Naga peace process deserves a logical conclusion, soon
The Naga peace process has been one of the most long-standing issues that have seen over a hundred rounds of talks between the government of India and NSCN (IM). Over the last two decades, the Indian government represented by RN Ravi and the Nagas, marshaled by Thuengaleng Muivah has been engaged in wide-ranging consultative talks but to no solution.
Ravi, a retired Special Director of the IB was appointed the interlocutor in 2014 and since then has engaged with stakeholders apart from NSCN (IM) and has won the confidence of the leadership. His titer has been appreciated by one and all in both Nagaland and Naga dominated areas of Manipur.
Ever since the historic Framework Agreement was signed between 86- year-old general secretary Muivah and Ravi in the presence of Prime Minister Modi, his important cabinet Ministers and NSA Ajit Doval on August 5, 2015, there have been efforts on to resolve the three contentious issues — flag, constitution, and territory and close a final accord before this year’s Independence Day. The 2015 agreement was touted to be the foundation of an emerging relationship between the rebel Nagas and Indian govt.
Over the next two years, high profile dignitaries led by the PM visited Nagaland and assured the Nagas that the final Peace Accord was round the corner and only minor obstacles needed to be removed before ushering in a new era of peace and tranquillity in the Northeast. However, that was not to be as true to their colors, NSCN (IM) started to question the intentions of the well-meaning and widely respected Interlocutor who was also appointed as the Governor of Nagaland in August 2019.
This sudden volte-face by the NSCN (IM) leadership was possibly due to the inclusion of other Naga rebel factions who were rightly united under the umbrella organization of Naga National Political Groups, popularly known as the NNPG.
NSCN (IM) saw a definite encroachment on their status as the sole leaders of all Nagas, irrespective of their state of home (Nagas inhabit large tracts in Manipur, Arunachal Pradesh, and Assam apart from Nagaland).
Over the last one year, NSCN (IM) has embarked upon a very aggressive and hostile media campaign against Ravi by stating that he is an agent of division amongst Nagas who are attempting to marginalize NSCN (IM) leadership by dividing the Nagas based on the states which they inhabit.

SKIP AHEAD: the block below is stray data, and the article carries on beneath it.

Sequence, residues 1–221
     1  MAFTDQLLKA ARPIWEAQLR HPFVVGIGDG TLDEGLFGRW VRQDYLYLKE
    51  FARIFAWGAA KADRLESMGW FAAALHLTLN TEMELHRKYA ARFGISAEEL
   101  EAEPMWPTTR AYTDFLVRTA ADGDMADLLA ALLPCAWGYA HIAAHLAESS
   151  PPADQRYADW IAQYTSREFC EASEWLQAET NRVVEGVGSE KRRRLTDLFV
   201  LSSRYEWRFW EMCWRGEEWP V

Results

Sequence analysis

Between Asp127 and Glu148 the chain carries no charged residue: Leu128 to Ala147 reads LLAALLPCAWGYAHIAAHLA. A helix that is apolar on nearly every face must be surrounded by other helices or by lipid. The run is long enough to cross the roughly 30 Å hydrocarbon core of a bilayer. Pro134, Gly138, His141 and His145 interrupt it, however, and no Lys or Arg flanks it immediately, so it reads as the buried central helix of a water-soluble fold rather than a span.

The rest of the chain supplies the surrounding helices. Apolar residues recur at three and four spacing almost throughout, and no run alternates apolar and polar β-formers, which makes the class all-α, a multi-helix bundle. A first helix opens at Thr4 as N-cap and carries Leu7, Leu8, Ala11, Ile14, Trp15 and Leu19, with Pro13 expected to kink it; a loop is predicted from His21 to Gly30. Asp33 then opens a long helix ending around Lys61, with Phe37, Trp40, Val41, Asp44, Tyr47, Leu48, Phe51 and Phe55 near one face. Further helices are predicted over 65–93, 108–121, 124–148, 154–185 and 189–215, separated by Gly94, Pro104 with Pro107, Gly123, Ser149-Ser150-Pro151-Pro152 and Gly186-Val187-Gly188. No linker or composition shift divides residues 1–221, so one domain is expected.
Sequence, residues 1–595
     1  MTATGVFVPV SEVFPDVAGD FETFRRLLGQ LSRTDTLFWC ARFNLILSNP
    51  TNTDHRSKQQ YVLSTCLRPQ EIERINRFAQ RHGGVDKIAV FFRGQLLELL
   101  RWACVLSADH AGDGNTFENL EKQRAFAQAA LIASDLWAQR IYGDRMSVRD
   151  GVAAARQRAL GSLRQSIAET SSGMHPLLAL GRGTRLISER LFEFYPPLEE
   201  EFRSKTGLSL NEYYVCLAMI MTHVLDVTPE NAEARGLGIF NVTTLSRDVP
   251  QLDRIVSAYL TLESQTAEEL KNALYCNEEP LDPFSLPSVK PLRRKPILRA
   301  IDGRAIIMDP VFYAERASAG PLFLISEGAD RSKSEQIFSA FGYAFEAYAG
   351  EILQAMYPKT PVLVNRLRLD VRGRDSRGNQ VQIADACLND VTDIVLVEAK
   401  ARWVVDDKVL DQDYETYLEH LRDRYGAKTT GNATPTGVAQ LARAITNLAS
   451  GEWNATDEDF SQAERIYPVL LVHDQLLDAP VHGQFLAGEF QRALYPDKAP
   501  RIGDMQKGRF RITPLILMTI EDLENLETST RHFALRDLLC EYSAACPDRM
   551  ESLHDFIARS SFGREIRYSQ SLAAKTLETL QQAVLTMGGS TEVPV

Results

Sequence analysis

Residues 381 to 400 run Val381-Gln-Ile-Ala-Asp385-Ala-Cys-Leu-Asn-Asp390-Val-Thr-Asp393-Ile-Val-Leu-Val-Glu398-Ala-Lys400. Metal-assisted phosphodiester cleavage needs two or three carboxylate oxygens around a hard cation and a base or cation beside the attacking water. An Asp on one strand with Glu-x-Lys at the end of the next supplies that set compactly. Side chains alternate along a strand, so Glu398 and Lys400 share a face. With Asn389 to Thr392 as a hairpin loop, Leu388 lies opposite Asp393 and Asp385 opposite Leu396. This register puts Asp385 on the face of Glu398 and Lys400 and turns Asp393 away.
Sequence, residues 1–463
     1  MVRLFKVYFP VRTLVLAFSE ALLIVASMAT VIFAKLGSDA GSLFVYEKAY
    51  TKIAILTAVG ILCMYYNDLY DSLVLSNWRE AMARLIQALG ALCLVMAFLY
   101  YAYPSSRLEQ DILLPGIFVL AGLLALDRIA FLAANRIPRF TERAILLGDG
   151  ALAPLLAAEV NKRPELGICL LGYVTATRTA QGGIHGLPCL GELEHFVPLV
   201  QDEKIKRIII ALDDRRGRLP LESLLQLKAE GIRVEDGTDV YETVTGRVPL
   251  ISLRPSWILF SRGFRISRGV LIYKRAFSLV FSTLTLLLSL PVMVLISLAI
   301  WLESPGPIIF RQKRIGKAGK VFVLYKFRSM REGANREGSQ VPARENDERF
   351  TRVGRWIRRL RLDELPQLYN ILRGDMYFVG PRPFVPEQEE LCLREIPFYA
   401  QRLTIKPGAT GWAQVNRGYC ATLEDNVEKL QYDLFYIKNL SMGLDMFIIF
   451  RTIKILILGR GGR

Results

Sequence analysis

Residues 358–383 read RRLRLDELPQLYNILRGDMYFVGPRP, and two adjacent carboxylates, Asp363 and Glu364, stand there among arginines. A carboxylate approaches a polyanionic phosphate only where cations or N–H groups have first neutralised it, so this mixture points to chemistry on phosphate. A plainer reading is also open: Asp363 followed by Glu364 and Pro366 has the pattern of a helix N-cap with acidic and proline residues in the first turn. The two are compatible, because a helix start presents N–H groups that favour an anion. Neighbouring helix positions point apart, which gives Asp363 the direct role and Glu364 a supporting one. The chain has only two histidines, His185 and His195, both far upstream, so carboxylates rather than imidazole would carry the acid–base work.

The NSCN has gone to the extent of getting the civil society organizations to write memorandums to the PM to remove Ravi from the appointments of both the interlocutor and the Governor.
Understanding the impediments to the Peace Accord and identifying the inimical interests of various stakeholders, especially the NSCN (IM) which is trying to impose a theologically motivated and Tangkhul dominated regime by legitimising their criminal syndicate is an essential prerequisite.
It is, however, worth pondering as to why Ravi, who gained tremendous popularity amongst the Nagas during the initial years from 2014 to 2017, suddenly became their enemy number one.
Ravi is a no-nonsense police officer who has spent the majority of his career in the IB dealing with rogue elements and possesses a keen sense of judging the character of a person by this training and specialisation.
He probably realises that the NSCN (IM) is really not serious in executing a Peace Accord and wants to continue the status quo of the ceasefire and expand its crime and extortion syndicate by legitimising it in the name of an underground govt.
As the Governor of the state where he has extraordinary powers to deal with law and order under Article 371 A, he could not remain a mute spectator to the lawlessness being normal and cracked the whip on the rebels who indulged in unlawful activities.
Here lies the pitfall of having only one interlocutor who also doubles up as a constitutional higher-up. To make the negotiations meaningful and result-oriented, it is necessary to rearrange the process of negotiations.
This is important because negotiations cannot carry on endlessly as it has the perils of mass disillusionment of Nagas who may again resort to an armed rebellion.
To get the NSCN (IM) to give up the status-quoist agenda, the govt must appoint a negotiating panel to replace a single interlocutor as the Naga issue may not find the appropriate precedence in the scheme of affairs that the govt has to grapple with on a day-to-day basis, thus delaying the decisions to critical issues arising in the course of negotiations.
The recommended negotiating panel of Indian govt must have a Cabinet Minister, a retired bureaucrat from the Home Ministry, a retired Police officer from the IB, a retired High Court Judge, and most importantly a retired senior army officer.
This panel should be given adequate leverage to negotiate with the Nagas who should be represented by five former Chief Ministers, prominent citizens, and leaders of all rebel groups.
While selecting the Naga representatives, it must be ensured that they have the mandate of all Nagas irrespective of their state and are people of honor and repute.
The negotiating panel must be given a definite period to conclude the negotiations and iron out all outstanding contentious issues and present its case to a Parliamentary Committee. Similarly, the Nagas must also be allowed to present their case to the nominated Parliamentary Committee.
Accordingly, constitutional legitimacy to Naga Peace Process is in all likelihood going to act as a great confidence-building measure for the Nagas.
At the same time, a balanced composition of govt’s negotiating panel with easy and timely access to the Union Cabinet is likely to give great impetus to the conclusion of negotiations which is mutually favorable, durable, and sustainable in the long term.
(Views expressed are personal)